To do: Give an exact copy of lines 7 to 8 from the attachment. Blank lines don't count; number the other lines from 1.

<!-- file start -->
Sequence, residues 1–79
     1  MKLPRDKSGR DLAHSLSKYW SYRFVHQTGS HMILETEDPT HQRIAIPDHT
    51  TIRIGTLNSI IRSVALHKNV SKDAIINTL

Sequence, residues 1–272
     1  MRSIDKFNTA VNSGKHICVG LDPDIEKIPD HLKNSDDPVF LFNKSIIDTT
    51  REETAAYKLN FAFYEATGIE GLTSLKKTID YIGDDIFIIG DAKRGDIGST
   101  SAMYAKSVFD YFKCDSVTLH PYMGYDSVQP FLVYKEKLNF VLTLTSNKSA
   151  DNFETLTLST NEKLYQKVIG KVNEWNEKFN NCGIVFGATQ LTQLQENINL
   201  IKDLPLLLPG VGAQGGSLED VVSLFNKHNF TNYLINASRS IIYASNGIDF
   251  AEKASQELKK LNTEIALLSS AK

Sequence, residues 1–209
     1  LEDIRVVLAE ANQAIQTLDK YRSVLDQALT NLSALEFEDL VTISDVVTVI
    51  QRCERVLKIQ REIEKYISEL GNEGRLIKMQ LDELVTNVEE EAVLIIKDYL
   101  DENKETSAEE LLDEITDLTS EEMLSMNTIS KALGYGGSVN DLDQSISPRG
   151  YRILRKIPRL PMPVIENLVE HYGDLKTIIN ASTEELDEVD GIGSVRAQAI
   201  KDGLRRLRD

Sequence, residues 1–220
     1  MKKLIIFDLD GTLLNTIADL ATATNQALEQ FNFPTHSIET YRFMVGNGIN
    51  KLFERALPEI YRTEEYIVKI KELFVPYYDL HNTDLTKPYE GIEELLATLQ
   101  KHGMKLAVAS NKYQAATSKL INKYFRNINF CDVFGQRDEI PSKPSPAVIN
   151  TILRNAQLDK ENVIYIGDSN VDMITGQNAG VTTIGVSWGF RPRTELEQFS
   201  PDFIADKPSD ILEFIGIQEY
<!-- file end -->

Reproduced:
   101  SAMYAKSVFD YFKCDSVTLH PYMGYDSVQP FLVYKEKLNF VLTLTSNKSA
   151  DNFETLTLST NEKLYQKVIG KVNEWNEKFN NCGIVFGATQ LTQLQENINL